Among my family — and given the further-than-arm’s-length nature of our relationship, this feels surreal to say — I am probably the one in recent years who has been most in touch with him. We communicate semi-regularly. We have nothing much in common beyond blood and name — though the older I get… — but we keep it light, avoid politics or discussion of my mother or sister when possible, and there you go. He’s shown increasing signs of dementia over the last few years — he forgot he met my son, for example — and since his fall has been what the hospital case worker described to me as “confused.” He doesn’t know where he is, doesn’t always know what year it is or who he is.

Okay.

Though he and my mother have been separated for the last 25 years, they’ve never officially divorced. Why? I don’t know. Holdover stigma? My mother, a teacher 11 years retired, has decent state insurance and has kept him on it all this time, but because the American healthcare system is fucked — something COVID has only aggravated — Medicaid can maybe go after her assets to cover the cost of longterm care, which he’ll need since he has to relearn how to walk, and this lengthy hospital stay. This week, we all got on Zoom with a divorce attorney. I was writing the Turtle Skull news post on Wednesday when that happened; it just finally went up today. It’s been a lot.

But okay.

Court appoints a custodian once it’s proved my father is non compos mentis, which should not be a challenge, and I guess everything moves forward at a snail’s pace there. In the meantime, The Patient Mrs. and I have started mortgage proceedings to buy the house we live in from my mother, who inherited it from my grandmother, so there’s that additional layer of something-happening over the last couple weeks, which along with puppy, kid, pandemic, fascism, on and on and on and on, has meant that, among other things, I was feeling too overwhelmed to put together a Gimme Radio show this week.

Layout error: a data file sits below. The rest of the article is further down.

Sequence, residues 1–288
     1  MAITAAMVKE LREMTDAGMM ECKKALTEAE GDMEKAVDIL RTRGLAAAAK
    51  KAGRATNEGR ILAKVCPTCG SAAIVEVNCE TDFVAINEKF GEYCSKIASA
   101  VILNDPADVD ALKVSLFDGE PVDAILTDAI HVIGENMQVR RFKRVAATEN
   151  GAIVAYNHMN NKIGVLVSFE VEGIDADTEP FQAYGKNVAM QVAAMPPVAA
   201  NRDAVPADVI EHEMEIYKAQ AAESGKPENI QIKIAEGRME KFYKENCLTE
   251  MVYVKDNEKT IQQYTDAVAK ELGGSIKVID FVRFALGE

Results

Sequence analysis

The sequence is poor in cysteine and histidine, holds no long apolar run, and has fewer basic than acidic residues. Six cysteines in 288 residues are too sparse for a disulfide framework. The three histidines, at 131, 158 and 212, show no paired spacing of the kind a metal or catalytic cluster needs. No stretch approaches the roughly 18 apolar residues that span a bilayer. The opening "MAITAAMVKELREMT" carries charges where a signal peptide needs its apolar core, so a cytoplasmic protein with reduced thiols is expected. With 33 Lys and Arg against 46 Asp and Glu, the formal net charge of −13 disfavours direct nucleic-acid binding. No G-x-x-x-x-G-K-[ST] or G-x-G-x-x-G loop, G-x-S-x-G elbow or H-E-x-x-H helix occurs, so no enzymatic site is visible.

It’ll be back on in two weeks.

Okay.

I’m exhausted now, so I must be finished, and in any case, it’s time for me to trade off dog for kid with The Patient Mrs., who has more than earned that title during this period. My only regret is not calling her The Brilliant Mrs., because even more than her patience with me — which is ample — it is the continued light she shines that makes my life possible. I have said this before and will continue to say it until I die: she is the center around which my universe spins.

I hope you have a great and safe weekend. Please be well most of all, and thank you for reading, whether or not you still are.

FRM.

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White Manna to Release ARC on Aug. 28

Posted in Whathaveyou on July 23rd, 2020 by JJ Koczan

Record rules. I mean it. The psychedelic experimentation, synths, keyboards and all that, has progressed to different levels of space and pretty much what happened with krautrock back during the original krautrock movement birthing electronic pop is happening again with White Manna, only weirder and thus more awesome. It’s the band’s seventh album and I’m not gonna say I was Johnny Groundfloor on these guys — I wasn’t — but I’ve been on board for a couple records at this point and they haven’t let me down in terms of what they bring to prog, psych and spaced-out vibes. I’ve got more digging to do with the all-caps ARC, but if you want my initial impression, it’s right there in the first sentence.